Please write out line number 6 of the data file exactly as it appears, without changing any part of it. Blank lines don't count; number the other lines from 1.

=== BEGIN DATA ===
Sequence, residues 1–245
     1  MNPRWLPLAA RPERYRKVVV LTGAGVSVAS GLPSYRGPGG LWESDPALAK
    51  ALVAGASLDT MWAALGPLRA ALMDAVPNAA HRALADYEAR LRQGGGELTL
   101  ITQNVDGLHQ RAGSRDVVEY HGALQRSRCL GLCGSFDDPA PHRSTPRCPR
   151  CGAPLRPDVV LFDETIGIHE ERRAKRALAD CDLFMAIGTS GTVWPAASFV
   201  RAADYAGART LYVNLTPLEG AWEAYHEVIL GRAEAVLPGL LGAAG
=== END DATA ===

   201  RAADYAGART LYVNLTPLEG AWEAYHEVIL GRAEAVLPGL LGAAG